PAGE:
Review - Viva Magazine
By Nici Wickes.
It was so unexpected. Sure, I'd noticed the Stafford Road Wine Bar perched on a corner in Northcote Pt for all the years it's been open - more than four - and duly noted the awards merited to the adjacent specialist wine store, Point Wines, but I'd never actually crossed the threshold of either.
Then I heard the news that the owners, Simon and Jacquie Mackenzie, had appointed a new chef who hailed from Meredith's and Sidart and that things had notched up a level in the food department.
By adding "solo plates" to the list of shared ones, the charming neighbourhood wine bar was now offering more than a mere bar with nibbles, a place for the locals to frequent, a quick stopgap for cinema-goers . . . I just never guessed at how much more.
The menu reads like a novel written by a promising new author - rules are broken, caution is thrown to the wind, freshness prevails.
The list of small plates boasts grilled cucumbers, ham hock brioche toasties, boneless chicken wings and beef crackling while the solo plates, complete meals if you will, promise wild venison with goat's curd, scampi with duck prosciutto and shiitake mushrooms, black pudding and lemon sabayon and other unpredictable combinations.
It could all have just as easily not worked out I suspect but, truth be told, the unlikely pairings don't stand a chance of doing anything other than getting on famously in the hands of chef Ed Verner. The flair he shows is phenomenal.
First came the board with four cute little brioche (house-made of course) sandwiches, tattooed by the char-grill, and stuffed full of dark pink smoky ham hock, melted cheese and a piquant green tomato relish.
They weren't good, they were perfect - in concept, form and flavour. Grilled cucumbers followed; we smothered them in the smoky eggplant puree and with every bite we marvelled at the juiciness of warmed cucumber.
Then came one of the prettiest dishes I've eaten in a while - small spheres of tangy goat's cheese and walnuts, crumbed and fried golden, then served on a sweet pear puree (yes, arguably Verner is overly attached to purees but with each one so different and all delicious we weren't minding a bit) and glistening honey base, topped with crisp wafer-thin discs of pear and scattered with blue-purple borage flowers.
It was hard to pick a favourite from the shared plates but perhaps the last in the line-up was it for me: crispy boned-out chicken wings, dusted with black garlic and served with a dollop of exceptional sour cream (again, made in-house) and curls of white frilly beef crackling for added texture and scrumptiousness.
Scampi, in the first of our main dishes, literally melted in our mouths, and serving it with warm duck prosciutto, shiitake mushrooms and asparagus was a clever collision of flavours but it was even more magically brought alive with the addition of toasted, puffed black rice.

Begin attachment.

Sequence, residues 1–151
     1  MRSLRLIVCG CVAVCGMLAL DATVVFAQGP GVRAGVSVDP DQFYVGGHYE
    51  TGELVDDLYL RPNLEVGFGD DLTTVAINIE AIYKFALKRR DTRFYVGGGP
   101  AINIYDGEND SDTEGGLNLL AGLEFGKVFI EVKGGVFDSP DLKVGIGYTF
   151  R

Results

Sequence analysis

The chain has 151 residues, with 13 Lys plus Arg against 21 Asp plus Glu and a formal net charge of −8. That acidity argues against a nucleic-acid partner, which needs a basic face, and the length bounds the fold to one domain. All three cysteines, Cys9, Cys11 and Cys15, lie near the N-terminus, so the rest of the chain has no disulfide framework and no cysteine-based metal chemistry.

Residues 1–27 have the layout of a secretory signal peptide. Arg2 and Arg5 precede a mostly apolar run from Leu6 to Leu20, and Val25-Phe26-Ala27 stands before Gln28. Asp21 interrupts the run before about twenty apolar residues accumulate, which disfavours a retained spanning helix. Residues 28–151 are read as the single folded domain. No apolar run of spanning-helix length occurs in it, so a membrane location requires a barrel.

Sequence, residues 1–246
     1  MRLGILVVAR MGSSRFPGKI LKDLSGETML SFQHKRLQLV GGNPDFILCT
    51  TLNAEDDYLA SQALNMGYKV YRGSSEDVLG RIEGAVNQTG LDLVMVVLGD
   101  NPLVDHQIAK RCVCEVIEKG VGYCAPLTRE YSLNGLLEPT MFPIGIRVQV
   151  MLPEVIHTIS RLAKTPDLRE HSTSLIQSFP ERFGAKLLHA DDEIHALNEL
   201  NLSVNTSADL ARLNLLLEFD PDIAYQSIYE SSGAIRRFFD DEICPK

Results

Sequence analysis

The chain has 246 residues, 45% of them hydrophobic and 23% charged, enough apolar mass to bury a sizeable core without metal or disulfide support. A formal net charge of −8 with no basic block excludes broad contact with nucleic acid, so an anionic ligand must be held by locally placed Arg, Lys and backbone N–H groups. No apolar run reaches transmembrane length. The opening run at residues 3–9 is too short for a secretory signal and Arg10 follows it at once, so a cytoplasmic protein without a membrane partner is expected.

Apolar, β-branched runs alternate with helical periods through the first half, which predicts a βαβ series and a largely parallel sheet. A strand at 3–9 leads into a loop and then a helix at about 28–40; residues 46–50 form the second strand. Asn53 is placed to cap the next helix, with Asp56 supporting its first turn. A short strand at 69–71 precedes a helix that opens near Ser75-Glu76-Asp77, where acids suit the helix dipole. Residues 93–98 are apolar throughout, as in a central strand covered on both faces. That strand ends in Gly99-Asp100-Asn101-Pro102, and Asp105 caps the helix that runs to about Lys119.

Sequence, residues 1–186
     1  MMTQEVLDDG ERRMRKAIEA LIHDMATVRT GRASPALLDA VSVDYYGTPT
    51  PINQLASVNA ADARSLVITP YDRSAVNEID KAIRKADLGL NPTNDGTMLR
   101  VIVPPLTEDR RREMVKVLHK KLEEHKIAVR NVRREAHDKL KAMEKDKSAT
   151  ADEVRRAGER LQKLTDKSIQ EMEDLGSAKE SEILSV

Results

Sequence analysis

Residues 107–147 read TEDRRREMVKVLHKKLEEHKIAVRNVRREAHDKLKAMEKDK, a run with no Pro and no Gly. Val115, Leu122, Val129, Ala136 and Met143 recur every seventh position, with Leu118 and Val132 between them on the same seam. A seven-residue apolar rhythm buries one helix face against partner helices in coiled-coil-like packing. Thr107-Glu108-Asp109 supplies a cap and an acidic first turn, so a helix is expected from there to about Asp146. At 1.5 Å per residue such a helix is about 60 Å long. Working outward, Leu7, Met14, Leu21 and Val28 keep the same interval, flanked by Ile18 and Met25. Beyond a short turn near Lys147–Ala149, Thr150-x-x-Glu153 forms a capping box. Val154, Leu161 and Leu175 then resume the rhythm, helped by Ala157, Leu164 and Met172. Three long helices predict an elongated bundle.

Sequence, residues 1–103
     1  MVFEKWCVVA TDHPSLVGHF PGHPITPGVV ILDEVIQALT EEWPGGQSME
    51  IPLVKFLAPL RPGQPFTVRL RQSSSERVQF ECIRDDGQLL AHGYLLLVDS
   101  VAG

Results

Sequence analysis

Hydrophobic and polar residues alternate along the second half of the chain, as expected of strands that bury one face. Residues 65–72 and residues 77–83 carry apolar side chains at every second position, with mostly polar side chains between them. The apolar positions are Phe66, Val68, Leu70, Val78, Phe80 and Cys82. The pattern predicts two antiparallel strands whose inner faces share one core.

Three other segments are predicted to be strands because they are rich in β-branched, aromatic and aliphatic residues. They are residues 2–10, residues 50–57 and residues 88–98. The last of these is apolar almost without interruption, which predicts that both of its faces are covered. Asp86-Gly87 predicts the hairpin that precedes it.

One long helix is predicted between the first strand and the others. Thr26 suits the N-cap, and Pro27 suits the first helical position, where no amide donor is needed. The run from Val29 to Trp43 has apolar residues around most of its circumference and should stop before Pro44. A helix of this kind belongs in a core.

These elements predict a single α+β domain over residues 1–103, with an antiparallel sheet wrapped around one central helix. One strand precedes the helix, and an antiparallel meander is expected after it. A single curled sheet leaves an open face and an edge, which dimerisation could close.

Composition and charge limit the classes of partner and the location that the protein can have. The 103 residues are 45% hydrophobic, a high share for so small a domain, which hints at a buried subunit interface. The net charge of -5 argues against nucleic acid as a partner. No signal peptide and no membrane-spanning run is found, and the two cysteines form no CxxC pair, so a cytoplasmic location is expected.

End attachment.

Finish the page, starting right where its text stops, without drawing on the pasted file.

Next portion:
An artichoke puree, with its hint of aniseed, underpinned a plate of summer vegetables that had been meticulously prepared while still managing not to appear fussy. The star of this plate was the jersey bennies, lovingly peeled to get rid of their slightly acidic skins so that nothing interrupted their creamy flavour.
On another plate, wild venison cosies up with dark leaves of seasonal greens in a puddle of sweet, rich onion stock, and stark white goat's curd serves its purpose of sharpening it up.
When it came time for dessert there was only the one option left and there only needed to be; rose-scented sorbet, watermelon granita, strawberries dehydrated to rich, chewy fruit leathers, a cloud of whipped marshmallow and an incredible milk wafer that tasted like milk bottle lollies. It was like eating the best dream you've ever had.
I hadn't wanted a late night but the time had flown in a merry-go-round of fresh, colourful plates of original food that had utterly captured our imagination.
The effort shows in every small detail of the food at Stafford Road Wine Bar - from the lightness of the sour cream and brioche, to the vegetables sourced from the garden out back, to the Jersey bennies, which are peeled because it makes a difference to their flavour, to the asparagus which isn't because it doesn't.
There's a reason why, after four-and-a-half years of writing this weekly column, I'm still honoured and thrilled to be doing so - it's discovering, on quiet neighbourhood corners, brilliant places like this that are worth shouting about.